RALEIGH, NC (FOX 46 WJZY) — North Carolina Gov. Roy Cooper is urging residents to continue to take Hurricane Florence seriously as the massive storm approaches the Carolina coast.

As of 11 a.m., the Category 2 storm was centered about 145 miles (230 kilometers) east-southeast of Wilmington, North Carolina, and about 195 miles (315 kilometers) east of Myrtle Beach, South Carolina. Its forward movement slowed to 10 mph (17 kph) and top sustained winds dropped slightly to 105 mph (165 kph). App users click here.

“We cannot underestimate this storm. Our greatest concern about this storm remains the same — storm surge and massive flooding,” Cooper said. Catastrophic effects will be felt across the state. The storm surge is expected to be 9 to 13 feet.”

LINK: Latest on Hurricane Florence

Tropical storm force winds can be expected that are capable of major structure damage in the “tens of thousands” as the hurricane’s bands hit the coast in the coming hours. Driving will be unsafe as roads will be effected by debris and flood waters during storm peaks.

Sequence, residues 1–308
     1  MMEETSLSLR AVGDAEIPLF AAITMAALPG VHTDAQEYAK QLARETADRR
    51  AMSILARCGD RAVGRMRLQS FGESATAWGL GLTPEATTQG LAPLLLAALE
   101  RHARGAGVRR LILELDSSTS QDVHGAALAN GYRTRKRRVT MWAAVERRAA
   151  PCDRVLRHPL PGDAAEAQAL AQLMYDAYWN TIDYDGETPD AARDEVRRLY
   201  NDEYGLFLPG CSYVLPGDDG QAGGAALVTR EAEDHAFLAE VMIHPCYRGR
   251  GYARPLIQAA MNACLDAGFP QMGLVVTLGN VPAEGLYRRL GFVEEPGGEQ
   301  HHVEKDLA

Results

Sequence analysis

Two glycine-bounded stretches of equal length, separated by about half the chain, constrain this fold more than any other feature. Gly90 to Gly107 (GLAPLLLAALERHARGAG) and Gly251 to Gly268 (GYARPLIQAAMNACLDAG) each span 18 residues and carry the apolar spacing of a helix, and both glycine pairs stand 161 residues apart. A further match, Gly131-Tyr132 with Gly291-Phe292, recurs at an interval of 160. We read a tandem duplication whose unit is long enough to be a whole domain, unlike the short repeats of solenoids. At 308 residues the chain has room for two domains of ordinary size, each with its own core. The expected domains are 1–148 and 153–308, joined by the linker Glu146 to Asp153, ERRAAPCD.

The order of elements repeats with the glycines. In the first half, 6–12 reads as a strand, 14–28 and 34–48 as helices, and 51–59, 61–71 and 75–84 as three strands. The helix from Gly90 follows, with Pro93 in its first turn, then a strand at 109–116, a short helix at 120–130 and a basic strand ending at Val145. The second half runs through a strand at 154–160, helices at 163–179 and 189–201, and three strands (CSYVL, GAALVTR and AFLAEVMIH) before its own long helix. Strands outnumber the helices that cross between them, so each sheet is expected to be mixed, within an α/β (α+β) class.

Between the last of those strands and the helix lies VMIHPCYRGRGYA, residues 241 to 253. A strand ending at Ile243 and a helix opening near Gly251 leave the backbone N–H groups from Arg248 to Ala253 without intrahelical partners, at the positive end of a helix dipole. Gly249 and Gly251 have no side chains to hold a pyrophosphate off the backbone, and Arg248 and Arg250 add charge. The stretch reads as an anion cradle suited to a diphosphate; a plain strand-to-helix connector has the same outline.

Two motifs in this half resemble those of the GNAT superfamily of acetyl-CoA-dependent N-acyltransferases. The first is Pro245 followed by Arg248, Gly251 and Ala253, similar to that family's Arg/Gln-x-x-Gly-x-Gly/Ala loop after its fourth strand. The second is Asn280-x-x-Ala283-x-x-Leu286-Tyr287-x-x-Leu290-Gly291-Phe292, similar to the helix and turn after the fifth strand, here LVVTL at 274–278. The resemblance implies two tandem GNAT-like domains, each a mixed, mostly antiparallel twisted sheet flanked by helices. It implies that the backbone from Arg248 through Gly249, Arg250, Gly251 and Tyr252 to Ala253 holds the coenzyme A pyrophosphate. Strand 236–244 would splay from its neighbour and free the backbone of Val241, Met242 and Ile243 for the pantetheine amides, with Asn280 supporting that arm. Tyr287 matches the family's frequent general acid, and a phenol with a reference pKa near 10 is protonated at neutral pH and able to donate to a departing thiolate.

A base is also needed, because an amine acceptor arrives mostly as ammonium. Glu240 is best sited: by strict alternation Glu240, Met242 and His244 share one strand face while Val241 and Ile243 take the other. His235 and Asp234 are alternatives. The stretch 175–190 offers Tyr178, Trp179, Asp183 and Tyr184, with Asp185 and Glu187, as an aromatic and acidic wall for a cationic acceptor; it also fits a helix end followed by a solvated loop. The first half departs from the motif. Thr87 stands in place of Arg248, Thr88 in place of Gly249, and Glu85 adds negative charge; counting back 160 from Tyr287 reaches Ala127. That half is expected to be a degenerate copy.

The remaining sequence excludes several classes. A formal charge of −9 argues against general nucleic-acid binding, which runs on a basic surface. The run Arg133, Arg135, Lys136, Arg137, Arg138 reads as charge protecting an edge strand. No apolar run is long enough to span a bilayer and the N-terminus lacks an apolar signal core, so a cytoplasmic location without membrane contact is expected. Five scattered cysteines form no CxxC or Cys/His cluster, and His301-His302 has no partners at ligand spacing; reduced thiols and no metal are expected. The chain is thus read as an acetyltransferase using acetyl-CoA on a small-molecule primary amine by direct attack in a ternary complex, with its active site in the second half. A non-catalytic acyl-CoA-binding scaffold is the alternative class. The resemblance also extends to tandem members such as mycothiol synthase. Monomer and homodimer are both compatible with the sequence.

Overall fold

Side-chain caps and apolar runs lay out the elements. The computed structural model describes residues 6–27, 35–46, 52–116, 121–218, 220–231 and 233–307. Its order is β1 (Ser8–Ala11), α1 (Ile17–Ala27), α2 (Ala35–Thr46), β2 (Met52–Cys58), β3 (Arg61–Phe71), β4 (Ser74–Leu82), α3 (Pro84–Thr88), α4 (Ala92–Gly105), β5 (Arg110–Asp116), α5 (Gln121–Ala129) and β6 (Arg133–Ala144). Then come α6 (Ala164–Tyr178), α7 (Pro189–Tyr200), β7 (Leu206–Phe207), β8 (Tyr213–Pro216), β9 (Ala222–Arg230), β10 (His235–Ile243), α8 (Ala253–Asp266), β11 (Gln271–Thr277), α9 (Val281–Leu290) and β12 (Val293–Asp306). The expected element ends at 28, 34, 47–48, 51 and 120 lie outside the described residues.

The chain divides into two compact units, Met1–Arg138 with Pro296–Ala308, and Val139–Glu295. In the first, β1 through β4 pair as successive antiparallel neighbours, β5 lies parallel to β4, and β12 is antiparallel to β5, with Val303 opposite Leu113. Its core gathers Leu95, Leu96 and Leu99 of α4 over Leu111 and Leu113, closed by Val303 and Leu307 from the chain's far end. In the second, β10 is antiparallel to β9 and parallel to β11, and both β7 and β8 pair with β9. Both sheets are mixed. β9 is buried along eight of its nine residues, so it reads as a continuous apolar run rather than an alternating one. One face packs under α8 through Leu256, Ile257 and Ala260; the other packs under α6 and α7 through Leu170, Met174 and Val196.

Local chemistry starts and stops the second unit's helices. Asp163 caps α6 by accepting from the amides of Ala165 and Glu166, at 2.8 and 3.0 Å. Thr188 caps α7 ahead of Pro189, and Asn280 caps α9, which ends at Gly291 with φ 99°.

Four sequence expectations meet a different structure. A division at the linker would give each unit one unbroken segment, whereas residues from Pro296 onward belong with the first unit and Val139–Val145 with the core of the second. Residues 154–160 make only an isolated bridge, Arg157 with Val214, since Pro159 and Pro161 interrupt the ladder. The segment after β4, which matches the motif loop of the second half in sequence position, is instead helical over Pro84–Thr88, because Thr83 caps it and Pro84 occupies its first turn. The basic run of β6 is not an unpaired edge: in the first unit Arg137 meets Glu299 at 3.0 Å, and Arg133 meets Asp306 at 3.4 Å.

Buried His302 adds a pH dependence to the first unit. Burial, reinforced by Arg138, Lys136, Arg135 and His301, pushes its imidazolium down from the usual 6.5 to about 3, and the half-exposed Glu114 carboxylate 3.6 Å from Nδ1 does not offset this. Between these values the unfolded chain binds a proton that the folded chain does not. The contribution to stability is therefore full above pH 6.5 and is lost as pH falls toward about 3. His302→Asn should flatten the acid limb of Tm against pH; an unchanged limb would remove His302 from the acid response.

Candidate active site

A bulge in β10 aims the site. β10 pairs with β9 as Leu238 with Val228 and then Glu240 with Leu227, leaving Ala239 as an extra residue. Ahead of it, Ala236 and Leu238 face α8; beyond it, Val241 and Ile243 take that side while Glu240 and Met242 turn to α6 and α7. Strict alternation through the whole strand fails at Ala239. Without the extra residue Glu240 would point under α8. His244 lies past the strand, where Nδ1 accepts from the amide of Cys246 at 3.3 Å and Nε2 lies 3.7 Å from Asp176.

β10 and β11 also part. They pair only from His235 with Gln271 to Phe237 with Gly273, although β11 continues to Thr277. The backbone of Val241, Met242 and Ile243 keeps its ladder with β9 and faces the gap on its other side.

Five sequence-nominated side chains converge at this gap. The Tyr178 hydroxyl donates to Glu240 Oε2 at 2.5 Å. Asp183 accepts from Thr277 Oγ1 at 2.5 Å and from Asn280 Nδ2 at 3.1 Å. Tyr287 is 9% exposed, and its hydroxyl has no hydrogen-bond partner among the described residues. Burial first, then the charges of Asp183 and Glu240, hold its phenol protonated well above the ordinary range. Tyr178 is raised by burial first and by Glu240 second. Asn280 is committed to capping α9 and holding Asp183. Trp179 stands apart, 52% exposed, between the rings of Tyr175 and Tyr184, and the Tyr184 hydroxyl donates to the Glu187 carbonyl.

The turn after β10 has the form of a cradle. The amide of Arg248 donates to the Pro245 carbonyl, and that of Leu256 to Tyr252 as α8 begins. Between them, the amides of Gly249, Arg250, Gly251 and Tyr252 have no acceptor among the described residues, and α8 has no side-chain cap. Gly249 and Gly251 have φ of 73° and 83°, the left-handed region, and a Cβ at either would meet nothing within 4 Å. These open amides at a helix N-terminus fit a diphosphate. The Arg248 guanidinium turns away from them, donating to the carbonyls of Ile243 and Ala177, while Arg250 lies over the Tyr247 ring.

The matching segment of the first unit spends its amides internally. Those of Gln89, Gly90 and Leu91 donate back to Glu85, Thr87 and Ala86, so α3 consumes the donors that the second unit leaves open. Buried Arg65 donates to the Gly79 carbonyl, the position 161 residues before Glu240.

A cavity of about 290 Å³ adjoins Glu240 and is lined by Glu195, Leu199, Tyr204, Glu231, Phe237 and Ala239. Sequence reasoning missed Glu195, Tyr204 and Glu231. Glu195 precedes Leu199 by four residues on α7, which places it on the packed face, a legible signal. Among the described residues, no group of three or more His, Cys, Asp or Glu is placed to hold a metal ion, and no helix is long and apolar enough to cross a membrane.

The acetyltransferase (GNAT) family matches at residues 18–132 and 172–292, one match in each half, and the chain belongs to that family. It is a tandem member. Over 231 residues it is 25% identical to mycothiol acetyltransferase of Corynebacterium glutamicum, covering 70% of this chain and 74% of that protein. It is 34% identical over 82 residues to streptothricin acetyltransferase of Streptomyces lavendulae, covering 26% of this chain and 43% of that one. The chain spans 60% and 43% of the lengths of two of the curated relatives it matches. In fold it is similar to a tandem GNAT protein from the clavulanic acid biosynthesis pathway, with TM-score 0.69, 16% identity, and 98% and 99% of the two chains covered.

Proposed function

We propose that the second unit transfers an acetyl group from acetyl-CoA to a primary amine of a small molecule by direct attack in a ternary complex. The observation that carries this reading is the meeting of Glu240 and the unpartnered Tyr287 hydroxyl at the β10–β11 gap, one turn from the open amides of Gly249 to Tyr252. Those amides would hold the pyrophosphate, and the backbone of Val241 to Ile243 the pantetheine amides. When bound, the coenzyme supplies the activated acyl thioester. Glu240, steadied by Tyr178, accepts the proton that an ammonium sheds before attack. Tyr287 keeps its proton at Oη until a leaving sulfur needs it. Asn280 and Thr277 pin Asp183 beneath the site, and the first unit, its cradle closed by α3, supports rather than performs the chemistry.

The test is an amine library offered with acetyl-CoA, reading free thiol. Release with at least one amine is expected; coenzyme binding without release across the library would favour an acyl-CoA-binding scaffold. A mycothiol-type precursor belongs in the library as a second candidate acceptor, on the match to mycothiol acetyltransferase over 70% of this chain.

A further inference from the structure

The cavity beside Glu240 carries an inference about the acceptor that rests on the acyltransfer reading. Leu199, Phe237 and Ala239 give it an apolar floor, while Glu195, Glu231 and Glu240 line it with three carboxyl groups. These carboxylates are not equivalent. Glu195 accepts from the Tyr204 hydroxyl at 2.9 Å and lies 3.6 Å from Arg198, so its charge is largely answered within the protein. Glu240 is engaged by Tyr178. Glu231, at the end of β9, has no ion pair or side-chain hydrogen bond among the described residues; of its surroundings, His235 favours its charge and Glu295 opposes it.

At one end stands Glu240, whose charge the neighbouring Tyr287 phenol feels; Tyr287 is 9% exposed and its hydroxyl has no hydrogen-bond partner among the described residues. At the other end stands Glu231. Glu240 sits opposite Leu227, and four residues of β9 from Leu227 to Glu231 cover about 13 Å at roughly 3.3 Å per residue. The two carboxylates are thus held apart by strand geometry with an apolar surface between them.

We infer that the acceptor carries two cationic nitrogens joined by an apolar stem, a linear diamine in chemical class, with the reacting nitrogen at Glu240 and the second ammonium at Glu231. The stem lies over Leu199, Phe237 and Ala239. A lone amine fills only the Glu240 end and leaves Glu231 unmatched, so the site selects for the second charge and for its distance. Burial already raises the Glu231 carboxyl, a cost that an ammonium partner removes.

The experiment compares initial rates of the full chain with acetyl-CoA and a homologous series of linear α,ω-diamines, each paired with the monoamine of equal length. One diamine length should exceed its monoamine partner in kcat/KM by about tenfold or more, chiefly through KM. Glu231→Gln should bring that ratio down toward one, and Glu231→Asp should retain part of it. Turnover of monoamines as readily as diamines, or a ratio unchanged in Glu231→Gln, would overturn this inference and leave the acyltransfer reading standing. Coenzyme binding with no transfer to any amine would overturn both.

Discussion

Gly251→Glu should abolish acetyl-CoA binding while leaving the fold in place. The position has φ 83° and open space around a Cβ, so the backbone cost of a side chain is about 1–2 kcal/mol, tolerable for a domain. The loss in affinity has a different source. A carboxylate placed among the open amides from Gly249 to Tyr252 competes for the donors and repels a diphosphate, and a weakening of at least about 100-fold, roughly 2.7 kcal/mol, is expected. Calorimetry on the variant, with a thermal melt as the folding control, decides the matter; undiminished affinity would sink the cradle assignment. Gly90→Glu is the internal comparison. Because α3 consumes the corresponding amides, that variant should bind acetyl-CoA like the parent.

In response to some suggestions that North Carolina is in the clear from storm effects due to Florence shifting further south, Governor Cooper reminds residents outside coastal areas that a wind field extension has replaced the reduced wind speeds confirming the storm as dangerously catastrophic to all in its path.  

“There is going to  be a lot of rain. We are on the bad side of this storm. Our meteorologists are saying that the rainfall amounts will be devastating in certain areas. Precautions have been taken in low lying areas by local officials.”

LINK: Follow the storm on MyFOXHurricane.com

Officials have set up 108 shelters across the state, which have taken in more than 7,000 evacuees.

Gov. Cooper says he has ordered nearly 3000 national guards to report for duty to assist.

In the coming days North Carolina can expect widespread power outages as Cooper noted Duke Power estimates millions to be effected.

Text “Florence” to 898211 for assistance. You can also call 2-1-1 to speak to a specialist.